Blodgett said active learning works well with his physics class, because physics involves many concrete activities and abstract concepts.

“If you can make that direct connection between the tangible activities and the more abstract ideas, you engage multiple ways of knowing. You have people who are visual learners, you have people who are tactile learnings, they really need to touch and manipulate things, and you have people who learn well just reading things,” Blodgett said. “This provides multiple ways for people to learn, to wrap their minds around things.”

And using all those learning methods at once keeps students engaged.

“There’s really not much opportunity for anyone to fall asleep on the desk, “Blodgett said.

It takes Blodgett extra time to prepare for classes in the active classroom, but he said it’s worth the effort.

“Any time you teach in a brand new class with new instructional techniques, it’s a lot of work,” Blodgett said. “So it’s really useful that we’ve had a lot of support from the college of arts and sciences and I’ve had lots of support individually from the other members of the physics department.”

Schneider said the active learning classroom has made teaching easier for her because she was already using active learning strategies, even when she was teaching in a lecture hall.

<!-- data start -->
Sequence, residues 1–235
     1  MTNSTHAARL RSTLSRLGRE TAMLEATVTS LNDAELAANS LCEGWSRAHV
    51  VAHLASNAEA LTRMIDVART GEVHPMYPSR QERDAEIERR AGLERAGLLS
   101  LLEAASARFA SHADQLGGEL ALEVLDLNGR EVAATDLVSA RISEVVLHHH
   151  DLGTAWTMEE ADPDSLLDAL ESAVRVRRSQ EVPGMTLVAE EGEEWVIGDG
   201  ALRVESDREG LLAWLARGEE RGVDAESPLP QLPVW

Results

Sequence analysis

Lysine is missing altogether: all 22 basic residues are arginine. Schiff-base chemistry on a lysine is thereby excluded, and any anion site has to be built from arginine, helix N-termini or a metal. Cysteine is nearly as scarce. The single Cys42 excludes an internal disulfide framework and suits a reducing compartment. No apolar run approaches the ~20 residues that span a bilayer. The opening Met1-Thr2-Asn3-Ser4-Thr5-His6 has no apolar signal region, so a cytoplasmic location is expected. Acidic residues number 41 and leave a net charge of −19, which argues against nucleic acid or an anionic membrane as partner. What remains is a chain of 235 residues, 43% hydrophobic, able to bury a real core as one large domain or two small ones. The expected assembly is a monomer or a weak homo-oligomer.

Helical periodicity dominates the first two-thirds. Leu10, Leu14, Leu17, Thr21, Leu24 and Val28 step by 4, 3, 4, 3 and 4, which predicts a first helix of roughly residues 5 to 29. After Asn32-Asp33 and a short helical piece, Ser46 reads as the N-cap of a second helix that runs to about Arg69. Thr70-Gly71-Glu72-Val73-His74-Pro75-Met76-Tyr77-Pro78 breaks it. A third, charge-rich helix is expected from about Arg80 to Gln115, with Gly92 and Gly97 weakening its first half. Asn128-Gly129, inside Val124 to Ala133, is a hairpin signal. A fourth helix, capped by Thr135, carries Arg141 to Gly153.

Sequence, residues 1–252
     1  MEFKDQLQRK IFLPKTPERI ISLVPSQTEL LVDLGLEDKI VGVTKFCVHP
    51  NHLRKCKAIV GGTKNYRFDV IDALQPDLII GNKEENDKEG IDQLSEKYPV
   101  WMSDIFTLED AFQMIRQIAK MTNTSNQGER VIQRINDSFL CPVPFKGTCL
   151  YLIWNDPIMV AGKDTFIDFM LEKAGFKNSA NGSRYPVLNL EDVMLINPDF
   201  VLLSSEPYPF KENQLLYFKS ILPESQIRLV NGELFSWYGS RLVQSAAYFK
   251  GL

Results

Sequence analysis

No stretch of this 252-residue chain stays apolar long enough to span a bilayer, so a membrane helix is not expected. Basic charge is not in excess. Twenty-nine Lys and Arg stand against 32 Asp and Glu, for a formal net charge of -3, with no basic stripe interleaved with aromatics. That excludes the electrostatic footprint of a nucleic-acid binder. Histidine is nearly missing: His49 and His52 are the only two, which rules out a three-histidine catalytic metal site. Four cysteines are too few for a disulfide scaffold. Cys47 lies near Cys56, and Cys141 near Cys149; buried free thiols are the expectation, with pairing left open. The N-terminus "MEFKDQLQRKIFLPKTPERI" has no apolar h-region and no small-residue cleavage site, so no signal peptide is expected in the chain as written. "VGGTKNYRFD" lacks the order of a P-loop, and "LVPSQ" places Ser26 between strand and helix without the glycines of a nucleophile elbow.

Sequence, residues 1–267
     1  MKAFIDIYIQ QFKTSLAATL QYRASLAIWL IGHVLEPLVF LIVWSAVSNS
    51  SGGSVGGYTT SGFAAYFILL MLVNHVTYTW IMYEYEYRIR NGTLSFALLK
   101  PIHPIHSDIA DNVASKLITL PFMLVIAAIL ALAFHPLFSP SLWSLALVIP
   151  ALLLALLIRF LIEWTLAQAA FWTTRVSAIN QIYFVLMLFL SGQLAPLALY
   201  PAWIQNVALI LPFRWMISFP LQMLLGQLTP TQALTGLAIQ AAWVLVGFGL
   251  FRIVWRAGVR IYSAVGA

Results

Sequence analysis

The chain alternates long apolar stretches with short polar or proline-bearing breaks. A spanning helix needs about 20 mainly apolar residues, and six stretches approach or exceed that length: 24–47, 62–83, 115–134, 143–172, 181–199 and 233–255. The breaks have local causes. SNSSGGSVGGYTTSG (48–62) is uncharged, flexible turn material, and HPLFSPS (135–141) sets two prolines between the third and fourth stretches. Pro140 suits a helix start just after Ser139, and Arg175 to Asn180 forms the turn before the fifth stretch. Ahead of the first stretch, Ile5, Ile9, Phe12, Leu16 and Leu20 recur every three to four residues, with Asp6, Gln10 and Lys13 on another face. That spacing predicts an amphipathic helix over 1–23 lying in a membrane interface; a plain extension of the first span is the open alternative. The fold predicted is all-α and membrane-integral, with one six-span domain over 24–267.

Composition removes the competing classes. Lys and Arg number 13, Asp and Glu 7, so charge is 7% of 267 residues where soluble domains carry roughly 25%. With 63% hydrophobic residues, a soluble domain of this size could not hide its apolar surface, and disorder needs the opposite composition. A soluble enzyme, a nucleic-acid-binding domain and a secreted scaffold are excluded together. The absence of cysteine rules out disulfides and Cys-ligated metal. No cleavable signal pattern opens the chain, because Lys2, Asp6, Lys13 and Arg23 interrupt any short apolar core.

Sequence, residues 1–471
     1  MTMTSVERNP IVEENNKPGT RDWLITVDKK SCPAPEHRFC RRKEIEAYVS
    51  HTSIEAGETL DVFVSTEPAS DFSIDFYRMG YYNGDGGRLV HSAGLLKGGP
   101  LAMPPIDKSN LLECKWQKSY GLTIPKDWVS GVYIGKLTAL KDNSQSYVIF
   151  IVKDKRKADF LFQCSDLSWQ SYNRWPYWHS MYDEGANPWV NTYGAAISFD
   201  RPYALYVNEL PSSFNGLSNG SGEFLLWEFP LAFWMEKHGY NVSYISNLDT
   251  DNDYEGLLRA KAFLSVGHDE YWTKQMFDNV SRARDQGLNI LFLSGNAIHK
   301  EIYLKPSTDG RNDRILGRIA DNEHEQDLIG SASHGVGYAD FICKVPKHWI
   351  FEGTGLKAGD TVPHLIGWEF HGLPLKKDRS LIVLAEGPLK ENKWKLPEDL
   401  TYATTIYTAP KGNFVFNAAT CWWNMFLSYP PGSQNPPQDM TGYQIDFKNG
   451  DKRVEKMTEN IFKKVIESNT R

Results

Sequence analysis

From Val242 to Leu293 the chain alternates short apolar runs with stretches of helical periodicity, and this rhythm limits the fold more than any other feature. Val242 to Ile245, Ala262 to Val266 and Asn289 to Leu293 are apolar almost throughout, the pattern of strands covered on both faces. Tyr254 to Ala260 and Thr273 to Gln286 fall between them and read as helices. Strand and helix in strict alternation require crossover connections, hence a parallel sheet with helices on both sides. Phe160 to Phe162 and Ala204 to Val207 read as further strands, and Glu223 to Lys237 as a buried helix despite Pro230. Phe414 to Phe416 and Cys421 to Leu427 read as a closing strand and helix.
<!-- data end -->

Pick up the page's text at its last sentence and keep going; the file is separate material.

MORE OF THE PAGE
But in the lecture hall group work -- a big part of active learning -- was very hard to monitor.

“I physically could not get into the spaces because of the tight rows…It was always a challenge to move around,” Schneider said. “Here I can hit all of the tables during an activity, or at least most of the tables and really see what’s going on.”

Both Schneider and Blodgett were part of the process of setting up the active classroom. Blodgett said the physics department had been looking for a way to do a combined lab/lecture class for 8 or 9 years.

Last year, Schneider visited the University of Minnesota and saw one of their active learning classrooms, and attended a national forum on active learning classrooms.

UWRF’s ALC was designed last spring and summer, and construction began in fall.

The classroom was finished the Friday before spring classes to begin on Monday, Jan. 27. It was supported by the UW-System as a building project, and cost around $850,000.

Blodgett and Schneider are pilot-testing the active classroom this semester. Next year more teachers will begin to use the active classroom.

So far this year, Schneider and Blodgett said teaching in the active learning classroom is going very well.

“It just works the way it’s supposed to,” Blodgett said. “All the students are active and engaged and discussing and arguing and making measurements. There are days when it’s just great. There are other days when it’s a little bumpy, but I figure the second time through the course, that’ll help smooth out some of those bumps.”

Gretta Stark

Gretta Stark has been a reporter for the River Falls Journal since July of 2013. She previously worked as a reporter for the New Richmond News from June 2012 to July 2013. She holds a BA in Print and Electronic Media from Wartburg College.